For break, stay off the sofa

By Ben Moriarty

I did a lot this break. I fed the homeless on Christmas, sharing with them my Christmas spirit. I also volunteered in the inner city, teaching young kids how to multiply numbers together because it’s fun to multiply numbers together, and they’re going to need to know how to do that to pass their MCAS tests. Finally, I went up to Canada to stop people from shooting wolves from helicopters.

And then I realized that I actually had not done any of those things; but rather, I spent my vacation watching countless episodes of House, playing video games with my friends, and then trying to convince myself that people on Xbox Live were actually my friends.

To be honest, I feel kind of bad about it. I feel like I wasted several weeks of my life, and I’m quite sure I did, unless sometime in my life I am able to help diagnose someone with Wilson’s disease by noticing Kayser-Fleischer rings around their irises ‘- or something else I learned from House. In fact, I have nothing to show for my entire vacation. If, on the contrary, I had actually done something, I could have helped someone, and I could have had something to show.

During winter break, while you all were sleeping and not even thinking about the University (unless you’re one of those kids), UMass was honored by the independent Carnegie Foundation for being a Community-Engaged University. This award is not only given for community service projects in the University’s curriculum through classes, but also regarding other areas of involvement in the community, like the low-priced psychological services center at UMass and the Hull Wind Project ‘- which helps utilize clean energy wind resources for the community.

Being given this award allows all who attend and have attended UMass to have a sense of pride for this achievement. But by taking this in and not reflecting on what more we could possibly do, we would be ungrateful jerks, at best.

While finishing up our vacation, most of us watched Barack Obama be sworn in as president. Most of us here at this liberal university also deeply supported him because it is believed he will bring a positive change to this country. The only problem is if you think he can make this change by himself, you are sadly mistaken, or sadly naive.

The good thing is, he knows how to. For instance, President Obama has sworn to expand AmeriCorps and the Peace Corps, as well as coming up with the Opportunity Tax Credit, which will allow college to be more affordable in exchange for community service. Obama, like the great John Fitzgerald Kennedy, has realized that community service, and service to your fellow human being, is vitally important. And for us, it is vitally important for change and for the greater good.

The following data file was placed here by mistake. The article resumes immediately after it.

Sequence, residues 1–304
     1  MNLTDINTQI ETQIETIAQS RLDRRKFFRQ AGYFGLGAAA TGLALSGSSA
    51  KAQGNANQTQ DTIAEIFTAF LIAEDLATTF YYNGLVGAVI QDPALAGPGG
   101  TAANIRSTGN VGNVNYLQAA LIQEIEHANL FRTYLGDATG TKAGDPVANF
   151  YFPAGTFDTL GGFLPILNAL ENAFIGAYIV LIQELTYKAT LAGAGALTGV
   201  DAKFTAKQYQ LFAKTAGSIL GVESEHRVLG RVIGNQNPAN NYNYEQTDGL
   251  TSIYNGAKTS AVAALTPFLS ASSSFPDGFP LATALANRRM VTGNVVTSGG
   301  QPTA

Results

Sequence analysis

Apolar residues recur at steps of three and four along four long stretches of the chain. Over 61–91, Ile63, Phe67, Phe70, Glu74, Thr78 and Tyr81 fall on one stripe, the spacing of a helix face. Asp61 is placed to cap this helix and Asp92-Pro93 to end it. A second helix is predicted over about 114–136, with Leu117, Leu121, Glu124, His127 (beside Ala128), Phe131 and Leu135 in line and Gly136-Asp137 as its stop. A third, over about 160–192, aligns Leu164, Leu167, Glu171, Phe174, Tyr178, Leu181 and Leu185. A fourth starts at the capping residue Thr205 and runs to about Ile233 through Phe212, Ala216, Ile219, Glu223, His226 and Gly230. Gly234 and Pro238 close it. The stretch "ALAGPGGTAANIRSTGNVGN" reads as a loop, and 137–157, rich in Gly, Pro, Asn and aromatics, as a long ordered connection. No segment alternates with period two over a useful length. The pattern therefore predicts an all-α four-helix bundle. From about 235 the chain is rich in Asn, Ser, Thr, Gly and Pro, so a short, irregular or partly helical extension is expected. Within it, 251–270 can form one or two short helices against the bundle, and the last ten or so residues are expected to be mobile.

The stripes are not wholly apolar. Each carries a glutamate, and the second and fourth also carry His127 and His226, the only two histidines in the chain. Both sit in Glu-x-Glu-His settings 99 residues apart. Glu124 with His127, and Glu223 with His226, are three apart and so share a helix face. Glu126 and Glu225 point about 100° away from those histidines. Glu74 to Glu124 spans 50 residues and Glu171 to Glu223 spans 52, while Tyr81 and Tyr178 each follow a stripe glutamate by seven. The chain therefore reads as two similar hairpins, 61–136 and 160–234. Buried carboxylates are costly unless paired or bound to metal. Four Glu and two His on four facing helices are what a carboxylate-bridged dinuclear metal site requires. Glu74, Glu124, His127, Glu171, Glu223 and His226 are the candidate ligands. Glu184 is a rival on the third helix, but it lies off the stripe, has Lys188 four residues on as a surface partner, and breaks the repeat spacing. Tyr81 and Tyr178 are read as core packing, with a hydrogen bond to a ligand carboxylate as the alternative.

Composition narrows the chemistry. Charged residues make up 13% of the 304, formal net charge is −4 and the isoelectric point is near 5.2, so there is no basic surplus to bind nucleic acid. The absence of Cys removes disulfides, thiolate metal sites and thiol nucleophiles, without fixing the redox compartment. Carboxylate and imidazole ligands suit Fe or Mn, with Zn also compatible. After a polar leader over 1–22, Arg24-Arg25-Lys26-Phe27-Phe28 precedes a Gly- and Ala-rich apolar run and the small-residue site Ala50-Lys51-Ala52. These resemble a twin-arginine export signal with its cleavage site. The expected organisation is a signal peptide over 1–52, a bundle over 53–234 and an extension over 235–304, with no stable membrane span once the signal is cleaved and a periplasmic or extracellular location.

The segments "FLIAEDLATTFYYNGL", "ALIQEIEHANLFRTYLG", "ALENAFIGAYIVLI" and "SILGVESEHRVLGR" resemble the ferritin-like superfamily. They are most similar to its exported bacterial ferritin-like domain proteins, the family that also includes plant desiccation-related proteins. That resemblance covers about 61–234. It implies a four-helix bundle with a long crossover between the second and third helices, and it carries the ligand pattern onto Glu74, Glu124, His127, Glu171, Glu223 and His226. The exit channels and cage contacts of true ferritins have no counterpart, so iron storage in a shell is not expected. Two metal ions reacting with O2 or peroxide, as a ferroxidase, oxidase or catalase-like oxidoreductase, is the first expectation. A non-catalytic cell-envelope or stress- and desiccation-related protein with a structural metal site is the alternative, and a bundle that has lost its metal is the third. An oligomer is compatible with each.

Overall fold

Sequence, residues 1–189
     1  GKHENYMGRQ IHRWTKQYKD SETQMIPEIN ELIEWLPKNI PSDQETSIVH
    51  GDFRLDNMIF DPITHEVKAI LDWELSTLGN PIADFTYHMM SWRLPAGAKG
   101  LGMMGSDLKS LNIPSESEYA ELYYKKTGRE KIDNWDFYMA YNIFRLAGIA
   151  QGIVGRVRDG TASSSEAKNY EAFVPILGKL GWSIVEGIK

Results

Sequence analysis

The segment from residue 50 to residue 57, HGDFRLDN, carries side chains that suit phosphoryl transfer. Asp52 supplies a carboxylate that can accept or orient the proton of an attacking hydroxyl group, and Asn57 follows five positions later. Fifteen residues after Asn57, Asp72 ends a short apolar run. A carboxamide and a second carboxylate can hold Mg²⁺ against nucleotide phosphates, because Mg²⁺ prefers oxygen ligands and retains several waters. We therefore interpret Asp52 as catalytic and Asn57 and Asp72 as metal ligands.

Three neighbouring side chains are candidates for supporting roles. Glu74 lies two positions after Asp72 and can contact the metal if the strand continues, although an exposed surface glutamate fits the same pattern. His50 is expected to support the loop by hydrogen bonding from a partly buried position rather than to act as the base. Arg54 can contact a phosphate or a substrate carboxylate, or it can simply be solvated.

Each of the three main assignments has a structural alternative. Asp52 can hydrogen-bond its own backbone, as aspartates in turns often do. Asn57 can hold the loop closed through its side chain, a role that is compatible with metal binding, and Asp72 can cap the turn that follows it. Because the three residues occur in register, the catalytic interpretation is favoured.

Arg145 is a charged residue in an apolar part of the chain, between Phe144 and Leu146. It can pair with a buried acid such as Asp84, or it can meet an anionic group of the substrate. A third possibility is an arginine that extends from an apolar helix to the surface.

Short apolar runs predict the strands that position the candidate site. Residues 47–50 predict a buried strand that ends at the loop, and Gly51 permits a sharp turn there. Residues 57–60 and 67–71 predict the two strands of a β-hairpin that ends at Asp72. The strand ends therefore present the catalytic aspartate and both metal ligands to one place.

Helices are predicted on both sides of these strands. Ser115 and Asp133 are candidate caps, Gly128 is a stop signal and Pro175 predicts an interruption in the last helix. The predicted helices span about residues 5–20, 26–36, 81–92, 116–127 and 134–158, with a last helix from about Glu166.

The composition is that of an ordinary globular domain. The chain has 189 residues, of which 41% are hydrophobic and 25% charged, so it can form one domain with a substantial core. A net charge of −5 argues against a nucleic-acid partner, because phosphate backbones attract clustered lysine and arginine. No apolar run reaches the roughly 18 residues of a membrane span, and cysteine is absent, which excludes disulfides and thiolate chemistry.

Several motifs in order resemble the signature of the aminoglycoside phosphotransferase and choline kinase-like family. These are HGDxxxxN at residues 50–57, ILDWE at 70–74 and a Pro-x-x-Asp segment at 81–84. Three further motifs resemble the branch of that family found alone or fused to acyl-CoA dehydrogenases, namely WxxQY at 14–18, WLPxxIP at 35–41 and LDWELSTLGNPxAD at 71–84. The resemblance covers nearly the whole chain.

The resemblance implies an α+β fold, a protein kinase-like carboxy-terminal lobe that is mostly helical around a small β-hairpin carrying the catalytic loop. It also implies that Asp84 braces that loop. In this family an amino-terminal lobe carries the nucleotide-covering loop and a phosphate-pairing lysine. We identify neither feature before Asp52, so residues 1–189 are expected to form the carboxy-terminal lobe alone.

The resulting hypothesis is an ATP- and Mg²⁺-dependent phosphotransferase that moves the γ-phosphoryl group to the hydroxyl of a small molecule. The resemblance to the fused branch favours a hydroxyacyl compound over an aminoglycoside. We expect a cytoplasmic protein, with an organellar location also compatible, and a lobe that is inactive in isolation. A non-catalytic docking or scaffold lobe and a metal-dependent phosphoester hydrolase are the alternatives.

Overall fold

Here at this university, we have been given a wonderful chance to succeed in our careers and future because of our education. But more than that, we have been given the wonderful opportunity to engage ourselves in the community, to help those who need it, and to be active participants in change.

As students, it is not that hard to find time to escape from the work and studying of school to participate in a variety of activities like intramurals, getting drunk and, thanks to the liberals of Massachusetts, smoking marijuana without any real repercussions. But it is time, as citizens and voters who were so apt to get rid of George W. Bush and to change our country, to actually change.

A few hours of volunteering in the community when you are able to instead of watching television not only goes a long way for others, but it might actually make yourself believe you want the country to change for the better, and that you actually do care about the people and things that need help.

Anyone can say they want a change in their country. But if you aren’t going to help out, then you’re as good as a burned bush. I’m just glad I didn’t vote for the candidate of change and voted for Nader. I hope to see you suckers planting some trees around town.

Ben Moriarty is a Collegian columnist. He can be reached at [email protected]